Cryptid Guy

Cryptid Guy is a Cryptoid investigator - including Big Foot, Dogman, Mothman, and others - investigating in the greater Appalachia area.

Cryptids / Cryptoids

The top cryptoids investigated by the Crytpid Guy are: Big Foot aka Sasquatch, Dogman, Mothman, and Extraterrestrials. 

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What is a "Cryptid"? Below is an excerpt from the Wikipedia:

Cryptozoologists may consider any figure from folklore to be a "cryptid" (from the Greek κρύπτω, krypto, meaning "hide") after the term cryptozoology and meaning a 'hidden animal'. The Oxford English Dictionary defines the noun cryptid as "an animal whose existence or survival to the present day is disputed or unsubstantiated; any animal of interest to a cryptozoologist". Some dictionaries and encyclopedias define the term "cryptid" as an animal whose existence is questionable. 

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Famous examples of crytpid evidence. 

More from Wikipedia:

Cryptozoologist George M. Eberhart classifies ten types of mystery animals under the cryptozoological umbrella:

  1. Distribution anomalies (known animals reported outside their normal range, e.g. the anomalous big cats of the U.K.);
  2. Undescribed, unusual, or outsized variations of known species (e.g. the giant anacondas reported from Amazonia or the spotted lions of East Africa);
  3. Survivals of recently extinct species (e.g. the ivory-billed woodpecker presumed extinct c. 1960, the Tasmanian tiger (thylacine), declared extinct in 1936, or the Steller's sea cow presumed extinct c. 1768, all of which are occasionally claimed to have survived to the present);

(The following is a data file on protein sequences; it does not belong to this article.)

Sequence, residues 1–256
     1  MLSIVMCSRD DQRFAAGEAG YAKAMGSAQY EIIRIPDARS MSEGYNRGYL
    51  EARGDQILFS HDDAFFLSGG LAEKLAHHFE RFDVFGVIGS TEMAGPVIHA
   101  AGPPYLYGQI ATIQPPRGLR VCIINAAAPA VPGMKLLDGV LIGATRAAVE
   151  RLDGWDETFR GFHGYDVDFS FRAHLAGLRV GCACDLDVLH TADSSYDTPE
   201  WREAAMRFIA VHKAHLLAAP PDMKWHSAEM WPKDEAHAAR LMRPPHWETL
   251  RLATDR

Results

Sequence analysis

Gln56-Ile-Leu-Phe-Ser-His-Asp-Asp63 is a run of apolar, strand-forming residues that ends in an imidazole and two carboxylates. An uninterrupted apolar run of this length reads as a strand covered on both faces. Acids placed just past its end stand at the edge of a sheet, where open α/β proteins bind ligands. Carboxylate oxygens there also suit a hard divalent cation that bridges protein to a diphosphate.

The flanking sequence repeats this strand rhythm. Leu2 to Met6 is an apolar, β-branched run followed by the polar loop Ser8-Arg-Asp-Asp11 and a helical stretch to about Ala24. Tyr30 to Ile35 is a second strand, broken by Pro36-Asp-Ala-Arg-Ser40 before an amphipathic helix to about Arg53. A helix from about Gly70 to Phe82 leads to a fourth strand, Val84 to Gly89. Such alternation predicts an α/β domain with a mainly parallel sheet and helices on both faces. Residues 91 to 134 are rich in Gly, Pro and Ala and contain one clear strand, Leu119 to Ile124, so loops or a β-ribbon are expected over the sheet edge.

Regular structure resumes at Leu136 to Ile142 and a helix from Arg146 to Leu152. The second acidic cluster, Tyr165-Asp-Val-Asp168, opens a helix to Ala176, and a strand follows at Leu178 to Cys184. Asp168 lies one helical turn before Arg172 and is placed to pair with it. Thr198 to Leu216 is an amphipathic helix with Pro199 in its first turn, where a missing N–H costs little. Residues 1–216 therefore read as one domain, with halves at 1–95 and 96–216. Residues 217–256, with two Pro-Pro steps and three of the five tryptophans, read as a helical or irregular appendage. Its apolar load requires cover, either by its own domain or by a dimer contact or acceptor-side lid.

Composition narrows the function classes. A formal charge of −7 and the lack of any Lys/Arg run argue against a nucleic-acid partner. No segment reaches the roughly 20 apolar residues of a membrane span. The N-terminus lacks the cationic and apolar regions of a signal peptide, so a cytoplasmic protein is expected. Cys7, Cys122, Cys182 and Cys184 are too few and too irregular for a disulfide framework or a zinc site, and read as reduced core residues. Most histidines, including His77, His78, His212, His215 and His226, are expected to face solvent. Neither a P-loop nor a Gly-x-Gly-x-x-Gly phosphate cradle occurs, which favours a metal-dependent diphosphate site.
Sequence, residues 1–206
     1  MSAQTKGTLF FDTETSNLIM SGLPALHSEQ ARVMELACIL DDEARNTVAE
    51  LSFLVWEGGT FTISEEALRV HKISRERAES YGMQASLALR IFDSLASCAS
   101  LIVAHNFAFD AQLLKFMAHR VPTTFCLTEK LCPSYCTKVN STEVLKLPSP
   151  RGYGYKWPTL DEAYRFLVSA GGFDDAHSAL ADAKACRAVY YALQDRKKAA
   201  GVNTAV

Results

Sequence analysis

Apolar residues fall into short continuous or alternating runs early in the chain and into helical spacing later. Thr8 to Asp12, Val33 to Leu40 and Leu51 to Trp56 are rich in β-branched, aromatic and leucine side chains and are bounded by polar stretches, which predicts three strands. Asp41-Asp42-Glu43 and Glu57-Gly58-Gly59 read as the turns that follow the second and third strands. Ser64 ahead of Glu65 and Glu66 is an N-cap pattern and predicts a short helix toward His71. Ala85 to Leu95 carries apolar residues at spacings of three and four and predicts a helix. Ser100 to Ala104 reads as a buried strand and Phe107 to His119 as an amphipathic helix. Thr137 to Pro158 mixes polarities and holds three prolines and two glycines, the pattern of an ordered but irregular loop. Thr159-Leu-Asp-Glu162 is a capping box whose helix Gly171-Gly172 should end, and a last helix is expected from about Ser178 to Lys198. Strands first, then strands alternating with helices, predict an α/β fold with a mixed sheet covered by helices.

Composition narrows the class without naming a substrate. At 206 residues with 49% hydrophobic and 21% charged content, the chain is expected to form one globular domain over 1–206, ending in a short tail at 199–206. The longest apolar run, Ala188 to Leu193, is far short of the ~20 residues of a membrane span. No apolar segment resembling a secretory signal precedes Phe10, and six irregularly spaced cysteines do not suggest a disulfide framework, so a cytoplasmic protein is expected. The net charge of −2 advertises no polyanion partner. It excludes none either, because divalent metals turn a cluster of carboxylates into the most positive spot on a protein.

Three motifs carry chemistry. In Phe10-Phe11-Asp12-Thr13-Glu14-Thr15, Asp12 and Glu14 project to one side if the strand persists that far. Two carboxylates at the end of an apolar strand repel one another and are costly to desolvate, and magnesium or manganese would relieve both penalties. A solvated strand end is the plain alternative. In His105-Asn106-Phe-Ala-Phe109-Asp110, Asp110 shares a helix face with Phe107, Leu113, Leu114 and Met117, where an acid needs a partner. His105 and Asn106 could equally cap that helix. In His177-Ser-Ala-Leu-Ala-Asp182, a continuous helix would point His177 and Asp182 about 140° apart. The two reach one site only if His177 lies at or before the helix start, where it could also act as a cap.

4. Survivals of species known only from the fossil record into modern times (e.g. the mokele-mbembe of central Africa, sometimes described as a living dinosaur);
  5. Lingerlings, or survivals of species known from the fossil record much later into historical times than currently thought (e.g. the woolly mammoth, presumed extinct c. 12,000 BCE but occasionally purported to have survived into later eras);
  6. Animals not known from the fossil record but related to known species (e.g. the Andean wolf or the striped manta-ray reported by William Beebe in the 1930s);
  7. Animals not known from the fossil record nor related to any known species (e.g. North America's Bigfoot or most sea serpents);
  8. Mythical animals with a zoological basis (e.g. the griffin, partly inspired by dinosaur fossils of Central Asia);
  9. Seemingly paranormal or supernatural entities with some animal-like characteristics (e.g. Mothman, black dogs, or some fairies from folklore);
  10. Known hoaxes or probable misidentifications (e.g. the jackalope, an antlered rabbit, a popular hoax in taxidermy).

Additionally, Eberhart argues for six exclusions from classification as a cryptid:

  1. Insignificance. "Cryptids must be big, weird, dangerous or significant to humans in some way."
  2. Lack of controversy. "Someone needs to observe a mystery animal and someone else needs to discredit the sighting. Cryptozoologists function as interventionists between witnesses and skeptical scientists."
  3. Erratics. "The out-of-place alligator […] that turns up in an odd spot, undoubtedly through human agency, is not a zoological mystery […] [I]f someone discovers a new species of alligator that lives only in sewers, that is a different matter."
  4. Bizarre humans (e.g. zombies or vampires)
  5. Angels or demons […] "the paranormal or supernatural is admitted only if it has an animal shape (a werewolf sighting, which might involve a real dog or wolf, or a mystery canid)."
  6. Aliens "[unless such extraterrestrials] arrived a long time ago and thus classify as residents."